NETHERLANDS: Iceberg scours intensify scope of ?sgard rock dump program

Boskalis Offshore had one of its busiest seasons last year on the Norwegian continental shelf.

Boskalis Offshore had one of its busiest seasons last year on the Norwegian continental shelf. The company's two fallpipe vessels D.P.F.V. Sandpiper and D.P.F.V. Seahorse dumped a record-breaking 1.5 million tons of rock in the North Sea and Norwegian Sea for the protection of pipelines, umbilicals, and structures.

The main client Statoil accounted for 90% of the total volume and this work was executed under a frame agreement. The main focus of the Statoil work was on the Åsgard Field in the Norwegian Sea, which consumed over 50% of the rock volume employed. This field, which has one of the world's largest subsea installations, came on stream in 2000.

Rock dumping benefits

Rock dumping is considered one of the most secure methods for protection of subsea installations. It not only provides supports for installations, but it also covers these structures to protect them from damage arising from fishing activities or anchors, and also against upheaval buckling after installation.

Another important application of the rock dumping technique is the insulation of flow lines with insulation sand. The cost reduction is such that the investment is returned almost immediately after placement of the insulation sand on the flow line.

Boskalis Offshore operates the two vessels cited above. Both have a carrying capacity of over 17,000 tons and are fully DP 2 Class, enabling them to operate in the direct vicinity of platforms.

Their normal working water depth in the Norwegian and North Seas is 300-450 meters, at the same time maintaining a vertical accuracy of at least 20 cm. However, working depths up to 1,500 meters are within their capabilities. The survey capabilities of both vessels extend to a level where they can compete with the dedicated survey ships operating in the North Sea. This allows the vessels to execute dumping operations including pre-survey and post-survey work, entirely by themselves.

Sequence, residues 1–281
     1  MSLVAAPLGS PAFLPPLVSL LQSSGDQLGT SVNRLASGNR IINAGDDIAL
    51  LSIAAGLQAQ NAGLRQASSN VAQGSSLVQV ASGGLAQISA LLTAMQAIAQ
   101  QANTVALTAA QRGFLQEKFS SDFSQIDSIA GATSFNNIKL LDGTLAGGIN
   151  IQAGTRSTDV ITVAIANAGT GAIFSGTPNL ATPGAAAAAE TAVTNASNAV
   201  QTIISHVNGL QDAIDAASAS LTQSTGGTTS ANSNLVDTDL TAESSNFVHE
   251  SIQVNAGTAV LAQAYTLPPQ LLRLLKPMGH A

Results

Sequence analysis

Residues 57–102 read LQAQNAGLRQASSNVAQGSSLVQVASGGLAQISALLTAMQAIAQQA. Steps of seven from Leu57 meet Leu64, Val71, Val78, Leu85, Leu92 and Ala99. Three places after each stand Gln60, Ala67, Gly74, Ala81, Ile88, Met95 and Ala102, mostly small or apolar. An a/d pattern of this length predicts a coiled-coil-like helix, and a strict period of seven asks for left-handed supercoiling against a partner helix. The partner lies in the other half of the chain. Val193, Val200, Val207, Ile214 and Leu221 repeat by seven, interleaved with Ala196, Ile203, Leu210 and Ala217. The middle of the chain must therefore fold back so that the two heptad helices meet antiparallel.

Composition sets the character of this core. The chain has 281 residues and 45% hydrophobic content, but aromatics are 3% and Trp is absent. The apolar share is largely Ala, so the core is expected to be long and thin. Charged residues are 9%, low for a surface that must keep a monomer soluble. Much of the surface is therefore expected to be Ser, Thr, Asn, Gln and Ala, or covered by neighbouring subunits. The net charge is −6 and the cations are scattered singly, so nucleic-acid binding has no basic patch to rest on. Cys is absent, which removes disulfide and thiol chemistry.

The dumping spread consists of a long tube connected to the vessel at the top and equipped with a remotely operated vehicle (ROV) at the bottom of the fall pipe. The opening of the fall pipe can be moved in all directions using the thrusters on the ROV. This enables the operator to maintain position above a berm. A separate free flying ROV is used for survey purposes and, if necessary, for monitoring of the dumping process.

The configuration of the Åsgard Field includes 16 seabed templates linked to the main floating production units (Åsgard A, Åsgard B, Åsgard C). The total length of the flow lines exceeds 300 km. Many of these lines needed to be protected with rock.

The seabed in this part of the Norwegian Sea challenges both the engineer and the rock dump vessels, partly because of the iceberg scours. Pipelines and umbilicals crossing these scours must be supported by rock before installation and covered with rock after installation to ensure an adequate protection against trawling activities and upheaval buckling.

The flow lines connecting the J-template and Åsgard B in particular cross several iceberg scours and therefore needed extensive and meticulous rock dumping. A total number of 115 berms were placed on the J-101 and J-102 flow lines, running from the J-template to Åsgard B, with a total volume of 150,000 tons. Some of the berms required a counterfill to stabilize the berm itself.

This volume was placed on the seabed in a period of 50 days (including loading, sailing and weather delays), achieving an average production of 2,800 tons per day. Despite the many berms and the tight schedule, high accuracy was achieved to comply with the design requirements.

Rock dump operations under the Statoil Frame Agreement continue for two more years. Boskalis Offshore expects further advances in the rock dumping technique, making it a strong instrument in subsea developments.

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